GOVERNMENT has since the adoption of the multi-currency regime in 2009 paid $65m to 95 farmers who lost their land under the country’s fast track land reform exercise.
Addressing the parliamentary committee on Agriculture chaired by Mayor Wadyajena (Gokwe-Nembudziya), director in the ministry of Agriculture, Lands, Resettlement, Climate and Water Marius Dzinoreva said this year government had paid $1.5m to 25 farmers.
The ministry made a bid for $40m to be used to compensate former farmers in 2019 but treasury only acceded to $20m.
Experts say the government is likely to compensate the former farmers to the tune of $9 billion but Dzinoreva says the final figure will be known once government completes its valuation exercise.
However, in its Transitional Stability Programme (TSP) government acknowledges it will not be able to meet compensation to all farmers and will require support from bilateral partners to meet the bill.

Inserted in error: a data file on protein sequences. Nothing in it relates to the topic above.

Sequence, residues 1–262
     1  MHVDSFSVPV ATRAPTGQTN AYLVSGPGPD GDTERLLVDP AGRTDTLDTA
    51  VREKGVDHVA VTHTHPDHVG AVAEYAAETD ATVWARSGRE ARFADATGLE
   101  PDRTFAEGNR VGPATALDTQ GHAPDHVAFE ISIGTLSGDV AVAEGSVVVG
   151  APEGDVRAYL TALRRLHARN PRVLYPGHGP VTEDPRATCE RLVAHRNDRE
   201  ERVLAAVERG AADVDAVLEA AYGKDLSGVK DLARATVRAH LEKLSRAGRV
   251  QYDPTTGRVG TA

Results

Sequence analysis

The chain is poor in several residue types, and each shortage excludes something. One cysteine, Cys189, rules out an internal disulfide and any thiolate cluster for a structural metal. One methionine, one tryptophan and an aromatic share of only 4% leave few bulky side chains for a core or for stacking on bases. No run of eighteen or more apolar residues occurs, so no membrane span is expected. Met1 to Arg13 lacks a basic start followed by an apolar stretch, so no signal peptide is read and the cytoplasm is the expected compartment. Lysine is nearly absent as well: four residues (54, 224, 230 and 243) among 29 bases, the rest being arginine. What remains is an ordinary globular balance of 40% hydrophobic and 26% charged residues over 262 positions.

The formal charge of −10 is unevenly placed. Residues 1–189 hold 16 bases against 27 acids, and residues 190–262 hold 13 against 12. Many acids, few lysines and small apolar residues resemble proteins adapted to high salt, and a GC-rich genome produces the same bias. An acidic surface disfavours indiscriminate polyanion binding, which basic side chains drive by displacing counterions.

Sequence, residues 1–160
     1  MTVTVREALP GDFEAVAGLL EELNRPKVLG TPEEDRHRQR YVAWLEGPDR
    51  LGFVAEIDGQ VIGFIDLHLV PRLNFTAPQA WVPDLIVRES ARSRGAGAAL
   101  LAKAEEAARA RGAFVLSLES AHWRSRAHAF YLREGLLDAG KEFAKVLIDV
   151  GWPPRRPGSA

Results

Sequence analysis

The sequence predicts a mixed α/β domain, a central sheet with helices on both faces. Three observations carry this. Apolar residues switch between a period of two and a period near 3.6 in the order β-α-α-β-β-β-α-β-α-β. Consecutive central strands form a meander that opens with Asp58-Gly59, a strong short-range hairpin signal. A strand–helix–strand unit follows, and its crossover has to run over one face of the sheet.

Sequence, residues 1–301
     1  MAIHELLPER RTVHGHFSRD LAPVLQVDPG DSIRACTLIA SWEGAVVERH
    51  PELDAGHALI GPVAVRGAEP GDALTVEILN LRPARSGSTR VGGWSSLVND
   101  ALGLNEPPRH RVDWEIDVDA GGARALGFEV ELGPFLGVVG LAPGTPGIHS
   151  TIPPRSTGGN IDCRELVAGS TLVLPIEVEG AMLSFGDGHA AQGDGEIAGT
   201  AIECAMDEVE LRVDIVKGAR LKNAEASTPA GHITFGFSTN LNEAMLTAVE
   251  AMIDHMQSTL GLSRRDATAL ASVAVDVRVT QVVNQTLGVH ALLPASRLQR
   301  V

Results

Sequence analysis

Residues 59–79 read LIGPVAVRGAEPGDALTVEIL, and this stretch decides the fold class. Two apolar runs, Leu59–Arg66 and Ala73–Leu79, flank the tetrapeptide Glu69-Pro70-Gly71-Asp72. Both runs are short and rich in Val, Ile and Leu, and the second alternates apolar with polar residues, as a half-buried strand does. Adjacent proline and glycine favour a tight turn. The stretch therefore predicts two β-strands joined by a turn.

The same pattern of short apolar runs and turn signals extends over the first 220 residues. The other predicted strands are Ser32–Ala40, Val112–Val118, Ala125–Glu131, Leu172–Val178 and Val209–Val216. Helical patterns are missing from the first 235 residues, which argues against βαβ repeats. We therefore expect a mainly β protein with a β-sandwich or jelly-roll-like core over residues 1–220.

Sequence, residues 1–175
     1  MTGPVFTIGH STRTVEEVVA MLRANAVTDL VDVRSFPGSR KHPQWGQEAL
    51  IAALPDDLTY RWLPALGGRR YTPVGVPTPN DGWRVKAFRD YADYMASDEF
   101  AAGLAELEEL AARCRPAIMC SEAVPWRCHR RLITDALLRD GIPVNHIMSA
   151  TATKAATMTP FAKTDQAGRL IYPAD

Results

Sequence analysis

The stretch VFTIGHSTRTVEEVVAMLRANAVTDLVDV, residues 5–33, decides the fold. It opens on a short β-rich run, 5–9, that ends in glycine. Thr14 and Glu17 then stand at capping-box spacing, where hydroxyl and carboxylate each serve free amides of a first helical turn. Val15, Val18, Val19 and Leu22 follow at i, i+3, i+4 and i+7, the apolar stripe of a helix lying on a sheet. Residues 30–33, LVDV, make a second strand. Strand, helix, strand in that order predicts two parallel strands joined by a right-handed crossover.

Dzinoreva said the ministry was in the process making valuations on the acquired farms in order to ascertain the total amount required to compensate the former predominantly white farmers.
“Records show that since multi currency 95 farmers were compensated to the tune of $65m and this year 25 farmers received compensation of about $1.4m.
The figures we pay are based on valuations and valuers have gone throughout the country with the exception of Mash East which will be completed by year end.
We have a list of all farmers we have to compensate we acquired about 6 000 farms and we have done 4 000 farms and by December we shall have done all and then we shall know the amount we have to compensate. Also once we are done we shall have to negotiate with the farmers on our valuations”.
Dzinoreva said government had collected $2m this year from resettled farmers this year and the amount will be channeled towards compensation.
He said government will only compensate for improvements on the acquired farms however, those acquired under BIPPAs compensation will be both for land and improvements.